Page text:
Unknown artist - anana presents: music from israel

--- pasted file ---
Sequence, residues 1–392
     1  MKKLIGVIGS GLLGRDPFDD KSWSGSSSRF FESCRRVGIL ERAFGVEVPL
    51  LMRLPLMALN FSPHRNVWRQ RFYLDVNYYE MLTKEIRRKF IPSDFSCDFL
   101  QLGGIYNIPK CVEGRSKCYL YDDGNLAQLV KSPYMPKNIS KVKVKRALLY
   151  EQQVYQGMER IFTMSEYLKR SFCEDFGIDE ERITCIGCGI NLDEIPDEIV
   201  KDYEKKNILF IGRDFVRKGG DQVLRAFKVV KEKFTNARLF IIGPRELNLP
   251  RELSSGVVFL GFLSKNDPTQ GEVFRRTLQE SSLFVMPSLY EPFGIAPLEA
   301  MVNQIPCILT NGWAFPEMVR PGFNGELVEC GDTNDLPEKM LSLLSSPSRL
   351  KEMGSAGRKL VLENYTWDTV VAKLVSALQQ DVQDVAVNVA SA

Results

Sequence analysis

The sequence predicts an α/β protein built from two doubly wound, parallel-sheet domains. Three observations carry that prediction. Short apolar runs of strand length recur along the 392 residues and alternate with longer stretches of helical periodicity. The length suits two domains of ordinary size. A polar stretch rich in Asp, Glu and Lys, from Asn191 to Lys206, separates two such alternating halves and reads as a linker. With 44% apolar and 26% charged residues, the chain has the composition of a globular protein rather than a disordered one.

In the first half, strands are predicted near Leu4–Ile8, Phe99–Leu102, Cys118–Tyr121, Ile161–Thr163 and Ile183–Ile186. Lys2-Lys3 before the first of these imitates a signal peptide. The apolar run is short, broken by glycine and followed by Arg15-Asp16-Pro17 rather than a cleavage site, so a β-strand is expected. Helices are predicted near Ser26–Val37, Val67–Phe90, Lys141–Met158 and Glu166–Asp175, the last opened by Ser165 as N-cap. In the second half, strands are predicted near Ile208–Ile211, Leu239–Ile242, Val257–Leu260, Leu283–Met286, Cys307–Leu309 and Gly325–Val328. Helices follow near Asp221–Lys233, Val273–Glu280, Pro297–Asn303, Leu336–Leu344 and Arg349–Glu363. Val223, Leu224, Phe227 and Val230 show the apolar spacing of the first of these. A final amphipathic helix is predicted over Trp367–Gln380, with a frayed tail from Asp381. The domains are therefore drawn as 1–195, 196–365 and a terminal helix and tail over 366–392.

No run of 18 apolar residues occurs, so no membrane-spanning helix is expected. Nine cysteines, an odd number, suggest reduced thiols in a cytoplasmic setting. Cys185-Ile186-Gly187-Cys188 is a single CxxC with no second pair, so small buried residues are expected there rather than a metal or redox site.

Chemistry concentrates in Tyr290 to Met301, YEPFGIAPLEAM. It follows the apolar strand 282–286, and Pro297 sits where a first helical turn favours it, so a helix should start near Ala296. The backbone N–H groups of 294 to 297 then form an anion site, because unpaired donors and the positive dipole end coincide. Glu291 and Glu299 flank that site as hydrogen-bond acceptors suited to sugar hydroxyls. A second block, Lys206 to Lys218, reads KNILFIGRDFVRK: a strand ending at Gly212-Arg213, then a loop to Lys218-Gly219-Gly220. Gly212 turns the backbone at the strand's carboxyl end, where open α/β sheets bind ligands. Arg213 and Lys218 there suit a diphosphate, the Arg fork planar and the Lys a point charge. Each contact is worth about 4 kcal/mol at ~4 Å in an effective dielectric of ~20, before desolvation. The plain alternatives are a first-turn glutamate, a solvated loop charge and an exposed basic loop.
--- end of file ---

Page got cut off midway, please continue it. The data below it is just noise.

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The civilization of the first inhabitants of what is now Colombia occupied much of the Andean interior until European colonization. Christopher Columbus probably explored the mouth of the Orinoco River in 1498; Alonso de Ojeda led another expedition in 1509, and in 1525 the first Spanish city, Santa Marta, was founded on the Caribbean coast. In 1536 the conquistador Gonzalo Jiménez de Quesada sailed up the Magdalena River to search for the mythical city of El Dorado and, after defeating the Chibcha, founded Bogotá in 1538. During the years of the Spanish Main, the Caribbean port city of Cartagena (founded 1533) was a point of embarkation for shipments of gold and other minerals bound for Spain. The Spanish relied increasingly on the labor of slaves to maintain the expanding colony, and Colombia soon had one of the largest African populations on the continent. After 1740 the colony formed the center of New Granada, a territory that included the greater part of what is now Colombia, Panama, and Venezuela. A movement for independence from Spain began in 1810; in 1812 the territory came under the direction of Simón Bolívar, who waged a series of campaigns that ended with the surrender of the Spanish in 1819. Bolívar renamed the territory Greater Colombia and annexed Ecuador to it in 1822; political differences led Venezuela to secede in 1829, followed by Ecuador in 1830.